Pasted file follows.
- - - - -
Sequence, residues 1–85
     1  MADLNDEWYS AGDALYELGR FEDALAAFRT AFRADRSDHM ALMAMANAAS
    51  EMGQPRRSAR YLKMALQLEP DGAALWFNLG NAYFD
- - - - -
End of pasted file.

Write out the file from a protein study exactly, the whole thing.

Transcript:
Sequence, residues 1–85
     1  MADLNDEWYS AGDALYELGR FEDALAAFRT AFRADRSDHM ALMAMANAAS
    51  EMGQPRRSAR YLKMALQLEP DGAALWFNLG NAYFD